G20 Foreign Ministers Urged to 'Find a Way Forward' on Ukraine, Food
By Nike Ching July 08, 2022
The war in Ukraine and its impact on energy and food supplies dominated G-20 talks Friday in Bali.
The G-20 host country called on ministers to "find a way forward" in discussing the war and its impact on rising food and energy prices.
"It is our responsibility to end the war sooner rather than later and settle our differences at the negotiating table, not at the battlefield," Indonesian Foreign Minister Retno Marsudi said at the opening of the meeting, invoking the U.N. charter to urge multilateralism and trust.
Foreign ministers shared concerns about getting grain shipments out of Ukraine and avoiding devastating food shortages in Africa, the Middle East and elsewhere. But talks were marked by sharp tension: U.S. Secretary of State Antony Blinken and Russian Foreign Minister Sergey Lavrov sat at the same table but did not speak directly.
Lavrov accused Western ministers of straying "almost immediately, as soon as they took the floor, to the frenzied criticism of the Russian Federation in connection with the situation in Ukraine."
"You know, it was not us who abandoned all contacts," Lavrov told reporters after the first session. "It was the United States ... and we are not running after anybody suggesting meetings. If they don't want to talk, it's their choice."
Lavrov walked out of the meetings twice Friday - first, as German Foreign Minister Annalena Baerbock addressed a session on strengthening multilateralism, and second just before Ukraine's foreign minister, Dmytro Kuleba, addressed the session on food and energy security via video link.
At a plenary session, Blinken urged Moscow to release Ukrainian grain to the world, according to a Western official.
"He addressed Russia directly, saying, 'To our Russian colleagues: Ukraine is not your country. Its grain is not your grain. Why are you blocking the ports? You should let the grain out,'" the official said.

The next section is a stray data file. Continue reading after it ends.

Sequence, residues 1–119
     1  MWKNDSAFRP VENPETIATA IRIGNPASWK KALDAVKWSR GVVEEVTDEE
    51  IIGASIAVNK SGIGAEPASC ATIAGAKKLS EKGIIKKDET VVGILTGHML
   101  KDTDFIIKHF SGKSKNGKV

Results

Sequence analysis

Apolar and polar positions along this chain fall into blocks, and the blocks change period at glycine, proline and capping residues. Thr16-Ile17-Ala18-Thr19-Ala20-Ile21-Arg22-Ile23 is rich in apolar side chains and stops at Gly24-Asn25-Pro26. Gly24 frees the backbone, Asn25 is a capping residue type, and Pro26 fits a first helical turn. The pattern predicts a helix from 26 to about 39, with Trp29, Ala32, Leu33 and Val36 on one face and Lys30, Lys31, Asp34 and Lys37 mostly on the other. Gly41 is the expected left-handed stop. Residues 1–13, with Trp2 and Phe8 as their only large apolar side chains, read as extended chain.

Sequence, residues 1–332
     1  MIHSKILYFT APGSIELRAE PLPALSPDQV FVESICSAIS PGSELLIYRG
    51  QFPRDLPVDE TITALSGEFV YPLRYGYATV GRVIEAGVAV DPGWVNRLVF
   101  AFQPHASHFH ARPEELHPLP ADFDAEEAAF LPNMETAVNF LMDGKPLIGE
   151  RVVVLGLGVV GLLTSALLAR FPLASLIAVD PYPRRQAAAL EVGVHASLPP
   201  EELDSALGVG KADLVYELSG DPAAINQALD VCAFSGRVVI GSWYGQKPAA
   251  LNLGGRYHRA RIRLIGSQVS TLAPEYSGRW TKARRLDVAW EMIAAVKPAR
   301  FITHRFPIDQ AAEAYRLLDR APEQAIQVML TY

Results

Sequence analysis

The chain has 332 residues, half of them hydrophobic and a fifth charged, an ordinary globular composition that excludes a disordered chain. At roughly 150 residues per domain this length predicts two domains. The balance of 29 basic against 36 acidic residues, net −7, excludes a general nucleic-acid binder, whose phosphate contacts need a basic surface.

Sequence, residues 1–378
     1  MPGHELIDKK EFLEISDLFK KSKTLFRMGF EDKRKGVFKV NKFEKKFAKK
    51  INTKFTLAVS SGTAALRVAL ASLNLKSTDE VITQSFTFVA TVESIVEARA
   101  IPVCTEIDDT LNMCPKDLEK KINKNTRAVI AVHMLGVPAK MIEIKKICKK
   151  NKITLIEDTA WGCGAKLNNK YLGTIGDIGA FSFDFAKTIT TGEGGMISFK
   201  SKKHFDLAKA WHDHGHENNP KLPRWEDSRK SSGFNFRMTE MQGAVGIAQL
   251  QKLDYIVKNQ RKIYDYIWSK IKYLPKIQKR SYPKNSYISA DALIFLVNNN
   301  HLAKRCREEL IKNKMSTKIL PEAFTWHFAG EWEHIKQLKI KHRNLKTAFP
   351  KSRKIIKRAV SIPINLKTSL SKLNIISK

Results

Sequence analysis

Lavrov was not in the room when Blinken spoke.
Blinken, after meeting with Indian External Affairs Minister Subrahmanyam Jaishankar, whose country will host the G-20 next year, said the organization "is a vital institution for trying to deal collectively with some of the most significant problems and challenges that the world faces."
Blinken said many of those challenges stem from the Russian war on Ukraine, and that others at the G-20 had expressed similar concerns.
"So, I think what we've heard today already, is a strong chorus from around the world - not just the United States, but around the world - about the need for the aggression to end so that we can actually focus on the challenges that are affecting people in their lives," he said.
Blinken will participate in bilateral meetings with Chinese Foreign Minister Wang Yi on Saturday.
"This is part of an ongoing, and I think important, series of conversations with our Chinese counterparts across the government to make sure that we are responsibly managing the relationship," a senior State Department official said Thursday, adding that the relationship has "different aspects to it, from profound competition being at the heart [but also] elements of cooperation, and there are elements of contestation."
The agenda for the meetings between top U.S. and Chinese diplomats includes possible cooperation on climate change, global health, counternarcotics and the situation in Myanmar, said U.S. Assistant Secretary of State Daniel Kritenbrink.
Blinken will have two lengthy meetings with Wang, with the first session likely focusing on bilateral relations and the second focusing on regional and international issues, according to diplomatic sources.
Blinken's meeting with the Chinese foreign minister will be their first in person since the chief U.S. diplomat unveiled the Biden administration's strategy to outcompete the rival superpower.
In his remarks at the time, Blinken said that the U.S. was not seeking to decouple from China and that the relationship between the world's two largest economies was not a zero-sum game.
After the G-20 ministerial, Blinken will head to Bangkok, where he is expected to discuss the situation in Myanmar, also known as Burma.
This week's ministerial will not produce an official document or communique, according to G-20 co-sherpa Dian Triansyah Djani.
VOA's Cecily Hilleary contributed to this report.
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